Work Safely with Metal Clay
This page has information about safety and metal clay. It includes tips on how to work safely with metal clay which are important for teachers and artists.
Content checked July 2018.
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General Safety Advice
Metal clay is generally a safe product to work with. Some basic safety precautions should be taken though. Fine silver metal clay is the least likely to react with skin but Sterling silver clay, bronze or copper clay can react with some peoples’ skin. If you are allergic to copper, wear some form of barrier cream – like Gloves in a Bottle – or gloves when working with these products.
When you are sanding and filing any metal clay, avoid breathing in the dust. If you are particularly susceptible to dust particles or have a weakness in your chest, always wear a dust mask.
If you are teaching metal clay, make sure you explain about safety and metal clay and the potential issues to students. Always provide the relevant safety equipment in case any student needs it.
Firing metal clay is probably the most dangerous activity in the normal use of the material. Torch firing is the most potentially dangerous as it uses an open flame. Always wear suitable, non-flammable clothes and closed in shoes, tie back long hair and avoid trailing sleeves, scarves etc.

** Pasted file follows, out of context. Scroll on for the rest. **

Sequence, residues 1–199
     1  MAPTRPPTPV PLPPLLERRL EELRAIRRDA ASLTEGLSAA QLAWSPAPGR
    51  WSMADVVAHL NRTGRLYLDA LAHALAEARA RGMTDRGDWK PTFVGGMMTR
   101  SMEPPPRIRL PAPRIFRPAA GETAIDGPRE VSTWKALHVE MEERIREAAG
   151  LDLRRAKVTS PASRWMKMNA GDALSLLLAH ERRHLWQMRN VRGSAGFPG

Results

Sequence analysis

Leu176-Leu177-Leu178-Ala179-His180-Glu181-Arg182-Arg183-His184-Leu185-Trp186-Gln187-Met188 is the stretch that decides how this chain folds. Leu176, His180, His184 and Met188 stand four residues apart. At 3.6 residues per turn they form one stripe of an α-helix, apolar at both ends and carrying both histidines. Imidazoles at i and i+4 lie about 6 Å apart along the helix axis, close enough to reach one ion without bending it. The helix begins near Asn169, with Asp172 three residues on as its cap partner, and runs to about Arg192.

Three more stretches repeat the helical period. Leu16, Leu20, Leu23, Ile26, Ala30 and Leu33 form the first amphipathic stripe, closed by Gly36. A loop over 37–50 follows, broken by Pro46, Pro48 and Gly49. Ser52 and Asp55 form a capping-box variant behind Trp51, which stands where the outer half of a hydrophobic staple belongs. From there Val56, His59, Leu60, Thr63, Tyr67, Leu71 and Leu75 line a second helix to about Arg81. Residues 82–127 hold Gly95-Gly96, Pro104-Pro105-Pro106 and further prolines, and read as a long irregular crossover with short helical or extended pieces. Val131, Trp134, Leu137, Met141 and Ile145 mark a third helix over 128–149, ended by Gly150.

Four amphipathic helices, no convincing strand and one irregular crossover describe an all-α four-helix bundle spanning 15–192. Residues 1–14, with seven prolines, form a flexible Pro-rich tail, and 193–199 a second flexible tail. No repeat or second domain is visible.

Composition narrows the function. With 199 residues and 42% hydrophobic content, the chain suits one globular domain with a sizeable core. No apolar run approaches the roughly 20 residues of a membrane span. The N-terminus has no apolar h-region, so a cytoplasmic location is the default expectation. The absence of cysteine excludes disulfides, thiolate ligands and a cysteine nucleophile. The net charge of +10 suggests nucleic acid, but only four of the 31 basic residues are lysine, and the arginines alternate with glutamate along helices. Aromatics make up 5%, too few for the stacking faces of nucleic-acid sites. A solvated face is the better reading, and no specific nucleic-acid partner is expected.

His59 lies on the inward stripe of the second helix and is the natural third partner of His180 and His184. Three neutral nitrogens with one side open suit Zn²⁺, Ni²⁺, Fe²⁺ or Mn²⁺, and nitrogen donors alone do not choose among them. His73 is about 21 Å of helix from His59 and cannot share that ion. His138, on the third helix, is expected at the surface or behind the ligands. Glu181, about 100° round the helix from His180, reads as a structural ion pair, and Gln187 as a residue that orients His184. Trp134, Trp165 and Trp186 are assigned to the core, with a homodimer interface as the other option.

If you are teaching students to fire with a torch, you must have performed a risk assessment and provided fire fighting equipment. A fire blanket is useful as a safety and metal clay resource. Access to a fire extinguisher is also recommended.
From Metal Adventures, this is the Material Safety Data Sheet for Fast Fire Bronzclay. When considering safety and metal clay, having access to the MSDS for all the metal clay brands you are using is sensible.
In response to concerns about safety and metal clay and related materials, a controlled test was conducted to measure the quantity and severity of fumes produced during the firing process. Downloadable handout from the PMC Guild.
Download this fact sheet on Health and Safety from the PMC Guild.
Mary Ellin D’Agostino’s blog which includes information about safety and metal clay.